Please allow me that, apart from my regrettable ignorance of the Hungarian language, I remain Magyar in my heart and soul from birth to the grave. As a consequence, I earnestly wish to further the progress of Hungarian music.

Liszt to Antal Augusz
Concerto Budapest

13 January 2019, 19.30-22.00

Grand Hall

Concerto Budapest Presented by Liszt Academy

Messiaen: Hymne au Saint-Sacrement
Schumann: Cello Concerto in A minor, Op. 129


Bruckner: Symphony No. 7 in E major

Steven Isserlis (cello)
Concerto Budapest
Conductor: András Keller

“Concert piece for violoncello with orchestral accompaniment.” This slightly ambiguous determination is how Schumann defined his Cello Concerto in A minor, written in the autumn of 1850, thereby stating he was fully aware that the work diverged from the ‘official’ model of the First Viennese School. The work is presented here with the solo played by Steven Isserlis, who has a deep commitment to Schumann. Indeed, he has appeared in print as ‘defence attorney’ for the German. “There is no composer to whom I feel closer than Schumann. He has been a beloved friend since I was a child ...” said the world-famous British cellist and audience favourite here in Budapest. The other two works in the programme evoke sacrality, albeit in different ways: the presumed death of a creative genius worshipped as a god and the Eucharist itself. Olivier Messiaen’s work originally dates from 1932, but as a consequence of World War II the composer was forced to rewrite this spiritually-inspired piece from memory in 1947. Anton Bruckner’s ‘Lyric’ symphony, and particularly the beautiful Adagio movement, was born out of the composer’s realization that his idol, Wagner, did not have long to live – and in fact, news of the maestro’s death reached Bruckner while he was writing the Adagio.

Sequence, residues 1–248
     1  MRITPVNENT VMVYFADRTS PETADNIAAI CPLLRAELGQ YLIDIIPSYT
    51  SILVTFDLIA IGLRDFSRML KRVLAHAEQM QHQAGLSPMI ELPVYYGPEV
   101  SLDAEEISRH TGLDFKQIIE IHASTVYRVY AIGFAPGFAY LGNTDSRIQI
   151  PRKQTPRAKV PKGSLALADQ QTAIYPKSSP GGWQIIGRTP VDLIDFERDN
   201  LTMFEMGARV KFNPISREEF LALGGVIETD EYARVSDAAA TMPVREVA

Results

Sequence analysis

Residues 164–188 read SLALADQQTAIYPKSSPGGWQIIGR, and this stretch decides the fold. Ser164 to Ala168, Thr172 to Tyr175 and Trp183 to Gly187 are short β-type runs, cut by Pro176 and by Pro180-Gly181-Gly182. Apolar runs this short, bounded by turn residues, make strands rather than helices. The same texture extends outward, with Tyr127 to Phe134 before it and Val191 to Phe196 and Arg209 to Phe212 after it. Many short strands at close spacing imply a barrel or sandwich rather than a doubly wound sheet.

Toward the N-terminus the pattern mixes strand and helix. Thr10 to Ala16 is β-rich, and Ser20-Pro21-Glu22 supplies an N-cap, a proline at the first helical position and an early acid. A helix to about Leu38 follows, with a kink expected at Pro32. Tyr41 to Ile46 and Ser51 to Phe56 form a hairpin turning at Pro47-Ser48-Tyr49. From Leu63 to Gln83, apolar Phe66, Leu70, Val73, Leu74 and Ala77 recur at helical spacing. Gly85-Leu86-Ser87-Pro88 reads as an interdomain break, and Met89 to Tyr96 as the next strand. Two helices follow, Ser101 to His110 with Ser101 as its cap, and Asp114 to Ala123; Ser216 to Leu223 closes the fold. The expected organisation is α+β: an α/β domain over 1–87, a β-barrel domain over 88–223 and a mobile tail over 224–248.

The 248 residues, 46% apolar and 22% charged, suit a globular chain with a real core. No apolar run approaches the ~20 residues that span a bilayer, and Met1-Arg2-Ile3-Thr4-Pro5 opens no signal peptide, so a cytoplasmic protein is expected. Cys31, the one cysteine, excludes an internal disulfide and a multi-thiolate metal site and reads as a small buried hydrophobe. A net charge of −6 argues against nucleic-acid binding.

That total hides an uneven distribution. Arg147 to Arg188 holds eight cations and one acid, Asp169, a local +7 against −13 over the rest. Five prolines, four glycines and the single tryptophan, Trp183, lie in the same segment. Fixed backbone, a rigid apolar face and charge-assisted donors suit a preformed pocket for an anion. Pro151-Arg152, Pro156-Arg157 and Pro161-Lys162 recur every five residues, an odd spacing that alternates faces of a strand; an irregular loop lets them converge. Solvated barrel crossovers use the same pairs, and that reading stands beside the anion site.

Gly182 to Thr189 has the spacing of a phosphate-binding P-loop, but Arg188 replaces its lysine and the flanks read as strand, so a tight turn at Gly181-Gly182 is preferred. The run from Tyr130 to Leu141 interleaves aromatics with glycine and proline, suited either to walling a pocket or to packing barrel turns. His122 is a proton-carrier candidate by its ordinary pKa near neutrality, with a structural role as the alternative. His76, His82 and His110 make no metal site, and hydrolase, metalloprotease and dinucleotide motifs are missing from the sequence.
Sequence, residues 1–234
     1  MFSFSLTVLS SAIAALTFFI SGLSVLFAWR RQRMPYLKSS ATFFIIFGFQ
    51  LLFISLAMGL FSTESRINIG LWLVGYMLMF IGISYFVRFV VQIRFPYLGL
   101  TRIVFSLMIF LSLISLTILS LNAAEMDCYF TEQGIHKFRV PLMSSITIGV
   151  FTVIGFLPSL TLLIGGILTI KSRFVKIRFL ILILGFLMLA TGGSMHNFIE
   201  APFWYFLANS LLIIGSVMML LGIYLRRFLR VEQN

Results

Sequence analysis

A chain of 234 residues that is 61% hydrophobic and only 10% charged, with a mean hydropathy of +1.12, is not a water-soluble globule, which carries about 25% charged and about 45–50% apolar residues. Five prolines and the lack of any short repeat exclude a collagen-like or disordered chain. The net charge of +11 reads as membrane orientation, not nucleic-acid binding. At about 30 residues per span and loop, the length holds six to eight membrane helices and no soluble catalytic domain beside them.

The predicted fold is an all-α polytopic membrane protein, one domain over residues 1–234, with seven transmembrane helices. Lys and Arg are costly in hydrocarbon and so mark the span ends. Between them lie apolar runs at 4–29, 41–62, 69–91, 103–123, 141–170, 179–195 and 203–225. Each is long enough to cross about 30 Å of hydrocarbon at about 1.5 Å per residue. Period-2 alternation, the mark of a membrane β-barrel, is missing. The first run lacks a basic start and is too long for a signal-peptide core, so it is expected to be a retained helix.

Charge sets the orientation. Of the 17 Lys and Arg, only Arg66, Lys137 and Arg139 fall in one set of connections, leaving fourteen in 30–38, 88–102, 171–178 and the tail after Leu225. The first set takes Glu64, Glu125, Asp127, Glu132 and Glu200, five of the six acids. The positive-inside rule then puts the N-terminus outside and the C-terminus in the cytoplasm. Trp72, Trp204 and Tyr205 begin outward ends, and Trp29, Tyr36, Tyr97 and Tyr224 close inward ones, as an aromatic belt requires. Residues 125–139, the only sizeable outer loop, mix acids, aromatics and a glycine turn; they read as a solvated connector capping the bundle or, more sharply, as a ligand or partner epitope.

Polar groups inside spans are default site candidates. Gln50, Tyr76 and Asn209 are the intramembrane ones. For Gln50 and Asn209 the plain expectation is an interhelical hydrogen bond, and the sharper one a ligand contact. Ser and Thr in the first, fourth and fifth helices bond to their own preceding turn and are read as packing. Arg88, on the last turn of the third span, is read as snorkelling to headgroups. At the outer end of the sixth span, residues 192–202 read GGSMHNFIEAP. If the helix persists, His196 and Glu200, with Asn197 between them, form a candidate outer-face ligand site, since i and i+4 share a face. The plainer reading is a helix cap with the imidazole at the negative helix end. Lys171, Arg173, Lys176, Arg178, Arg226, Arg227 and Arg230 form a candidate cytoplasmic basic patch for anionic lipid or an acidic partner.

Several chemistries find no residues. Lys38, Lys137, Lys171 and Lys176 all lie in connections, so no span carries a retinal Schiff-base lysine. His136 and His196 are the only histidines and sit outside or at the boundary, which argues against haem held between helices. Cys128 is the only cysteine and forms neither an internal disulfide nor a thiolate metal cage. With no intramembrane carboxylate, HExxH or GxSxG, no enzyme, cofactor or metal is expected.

Presented by

Concerto Budapest


HUF 2 200, 3 100, 3 900, 4 800, 5 900